The Tipping Point: What not to Do

Bonjour!

I am writing to you today from the beach of Nice, where I have sat myself with a glass of wine and the most incredible view.

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Seriously

 

But! Enough about the view. Today I’d like to talk about what happened yesterday, a ridiculous fiasco in the Principality of Monaco that has taught me, more than anything, to stick to my guns.

So let me lay the scene out for you here. Yesterday I took a tour to the village of Eze and to Monaco, an all day affair that showed us around some really beautiful places. I happened to be with three fantastic women from Philly, who ended up adopting me into their group and spending the day with me.

We had a great time wandering throughout Monaco (which I will write about later), minus this one, ridiculous, affair. You see, we stopped off for lunch at a nice, touristy, restaurant, where an insistent waiter urged our group inside. (He actually thought we were French at first, and spent several minutes coaxing us in with French, which obviously failed). I ordered the pumpkin soup, which was ah-mazing, and everything generally went over really well until the bill came.

We were mid-conversation, the women having asked me about tipping in Europe, when the waiter arrived with the bill and presented it with a flourish to one of the women (she had offered to pay for me, as thanks for my military service. Generosity is found everywhere!)

Upon presenting, he told her, “the service is not included in the bill.”

Now, I don’t know how much you guys know about tipping in Europe. I know for us, in the US, tipping is essentially required and at a minimum of 15%. This isn’t so in the EU. Here, tipping is not only optional, the amount you tip (if you do) generally spans from a few Euro onwards.

At this point, the woman told him to add five Euro extra onto the bill, to which he repeated “the service is not included in the bill.”

Ok, so maybe he was confused? Could he not do math? I myself turned around and explained to him that there was additional already added into the amount to be charged….at which point he emphasized, again, that service was not already included.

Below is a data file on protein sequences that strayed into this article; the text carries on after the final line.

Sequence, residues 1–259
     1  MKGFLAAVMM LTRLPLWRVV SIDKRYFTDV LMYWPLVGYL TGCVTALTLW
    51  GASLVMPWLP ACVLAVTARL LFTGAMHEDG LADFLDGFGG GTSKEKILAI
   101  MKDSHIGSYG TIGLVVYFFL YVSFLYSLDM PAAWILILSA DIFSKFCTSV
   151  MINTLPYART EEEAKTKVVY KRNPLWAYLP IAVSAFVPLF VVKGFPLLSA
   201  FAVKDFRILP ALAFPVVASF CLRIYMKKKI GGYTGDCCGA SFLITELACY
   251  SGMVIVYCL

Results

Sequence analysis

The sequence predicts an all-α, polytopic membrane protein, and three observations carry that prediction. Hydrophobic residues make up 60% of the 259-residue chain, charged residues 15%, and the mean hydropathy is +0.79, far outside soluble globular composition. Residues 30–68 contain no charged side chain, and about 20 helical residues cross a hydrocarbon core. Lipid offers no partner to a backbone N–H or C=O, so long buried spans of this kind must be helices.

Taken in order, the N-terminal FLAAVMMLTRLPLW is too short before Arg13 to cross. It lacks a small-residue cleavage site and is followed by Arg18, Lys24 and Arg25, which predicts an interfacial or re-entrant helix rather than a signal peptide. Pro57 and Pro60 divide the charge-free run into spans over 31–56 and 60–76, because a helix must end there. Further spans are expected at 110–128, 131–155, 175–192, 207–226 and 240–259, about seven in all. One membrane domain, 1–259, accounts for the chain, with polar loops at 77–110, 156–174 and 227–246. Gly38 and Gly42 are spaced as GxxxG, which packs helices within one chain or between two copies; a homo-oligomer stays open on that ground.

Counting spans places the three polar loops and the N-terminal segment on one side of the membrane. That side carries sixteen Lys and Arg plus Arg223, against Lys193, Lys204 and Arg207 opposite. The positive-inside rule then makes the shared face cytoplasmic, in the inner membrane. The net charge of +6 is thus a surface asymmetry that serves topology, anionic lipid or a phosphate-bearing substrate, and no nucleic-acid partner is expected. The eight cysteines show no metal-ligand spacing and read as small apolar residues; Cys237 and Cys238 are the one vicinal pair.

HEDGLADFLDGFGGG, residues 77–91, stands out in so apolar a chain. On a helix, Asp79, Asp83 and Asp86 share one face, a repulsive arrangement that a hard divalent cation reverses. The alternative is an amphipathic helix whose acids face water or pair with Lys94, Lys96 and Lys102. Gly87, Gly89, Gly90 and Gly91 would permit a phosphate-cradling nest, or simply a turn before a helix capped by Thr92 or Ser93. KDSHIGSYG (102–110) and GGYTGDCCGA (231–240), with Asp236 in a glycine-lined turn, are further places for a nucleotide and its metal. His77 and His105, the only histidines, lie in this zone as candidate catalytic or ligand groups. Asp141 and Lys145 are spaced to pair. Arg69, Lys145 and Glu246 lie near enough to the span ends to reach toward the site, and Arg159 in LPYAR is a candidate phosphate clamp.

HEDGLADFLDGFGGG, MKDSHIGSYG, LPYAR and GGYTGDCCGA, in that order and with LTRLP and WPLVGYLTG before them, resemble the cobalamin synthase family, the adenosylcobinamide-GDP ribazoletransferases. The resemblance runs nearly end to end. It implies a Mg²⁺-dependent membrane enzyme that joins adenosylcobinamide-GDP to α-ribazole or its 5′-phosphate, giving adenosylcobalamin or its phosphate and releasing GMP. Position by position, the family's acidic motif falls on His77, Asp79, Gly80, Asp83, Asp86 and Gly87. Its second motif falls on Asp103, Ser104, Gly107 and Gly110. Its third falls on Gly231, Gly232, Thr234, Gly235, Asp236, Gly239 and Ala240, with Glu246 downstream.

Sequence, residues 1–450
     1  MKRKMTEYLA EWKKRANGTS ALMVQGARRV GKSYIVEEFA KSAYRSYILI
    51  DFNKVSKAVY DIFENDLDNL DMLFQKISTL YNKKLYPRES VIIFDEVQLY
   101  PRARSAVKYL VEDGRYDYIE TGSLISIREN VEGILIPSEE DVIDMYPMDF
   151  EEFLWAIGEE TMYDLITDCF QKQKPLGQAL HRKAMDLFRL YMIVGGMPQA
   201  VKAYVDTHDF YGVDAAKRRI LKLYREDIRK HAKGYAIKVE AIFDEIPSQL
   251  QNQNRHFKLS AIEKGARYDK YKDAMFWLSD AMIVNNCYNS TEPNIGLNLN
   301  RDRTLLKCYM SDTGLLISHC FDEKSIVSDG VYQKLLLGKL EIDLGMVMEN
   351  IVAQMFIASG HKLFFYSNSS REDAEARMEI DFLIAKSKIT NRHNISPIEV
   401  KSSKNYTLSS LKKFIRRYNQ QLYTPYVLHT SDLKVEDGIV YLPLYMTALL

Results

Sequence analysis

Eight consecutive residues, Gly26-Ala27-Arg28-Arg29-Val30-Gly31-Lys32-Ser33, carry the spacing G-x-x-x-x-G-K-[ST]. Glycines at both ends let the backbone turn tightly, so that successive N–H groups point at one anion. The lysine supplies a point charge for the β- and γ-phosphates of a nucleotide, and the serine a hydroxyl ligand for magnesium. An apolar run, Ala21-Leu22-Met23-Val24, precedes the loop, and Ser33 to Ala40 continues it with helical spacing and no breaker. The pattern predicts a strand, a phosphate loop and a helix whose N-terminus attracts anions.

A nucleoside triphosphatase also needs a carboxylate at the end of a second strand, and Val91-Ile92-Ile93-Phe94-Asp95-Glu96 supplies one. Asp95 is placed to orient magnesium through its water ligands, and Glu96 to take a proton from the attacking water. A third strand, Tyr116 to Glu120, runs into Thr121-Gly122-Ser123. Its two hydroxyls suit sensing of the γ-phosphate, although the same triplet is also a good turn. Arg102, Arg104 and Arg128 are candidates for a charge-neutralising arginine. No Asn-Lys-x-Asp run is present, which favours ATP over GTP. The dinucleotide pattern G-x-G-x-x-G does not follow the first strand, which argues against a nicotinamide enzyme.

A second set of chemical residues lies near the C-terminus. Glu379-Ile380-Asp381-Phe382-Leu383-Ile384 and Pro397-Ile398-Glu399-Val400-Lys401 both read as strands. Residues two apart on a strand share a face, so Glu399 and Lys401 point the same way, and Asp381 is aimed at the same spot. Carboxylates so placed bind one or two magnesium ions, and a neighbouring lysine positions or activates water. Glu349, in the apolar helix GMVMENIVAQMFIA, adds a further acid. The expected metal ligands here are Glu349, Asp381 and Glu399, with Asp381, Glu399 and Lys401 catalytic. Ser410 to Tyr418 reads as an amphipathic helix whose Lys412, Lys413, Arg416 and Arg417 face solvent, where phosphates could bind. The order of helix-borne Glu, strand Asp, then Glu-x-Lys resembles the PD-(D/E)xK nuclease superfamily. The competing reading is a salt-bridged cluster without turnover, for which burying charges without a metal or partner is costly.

He emphasized insistently and very, very, rudely. At this point my jaw was hanging open, wondering what sort of waiter would address patrons like this. (Obviously the kind that preys on tourists).

Upon being asked, he told our party that tipping was generally at 15%-20%, at which point we folded and added a full 15 Euro to the bill, an altogether ridiculous amount in a society that doesn’t ever rely on tipping.

Now this is the first time I’ve ever been harassed for a tip, and I think it had a lot to do with the company I was in. I myself look vaguely like a down-on-her-luck college student (ok, high school), an image I have carefully cultivated so as not to be robbed of my earthly possessions. But the rest of us, who were obviously well-off enough to travel all the way to Monaco, weren’t quite as shabby as me. Thus, the waiter felt entitled to ask for, nay, demand, more money.

When we told our guide later what had happened, her jaw also dropped.

“This,” she declared in her amazing French accent, “is absurd. If someone spoke to me like this I would give them nothing.”

So. Lesson learned. All the things people tell you about tipping in Europe are true. Don’t overpay just because some pushy asshole is lying to you about how things work in their country. What a poor ambassador for Monaco, and most especially, what a terrible impression to leave on people who are naturally very generous. Tipping in the future? I think not.

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Here’s a tip: try looking at the camera.

-Carissa

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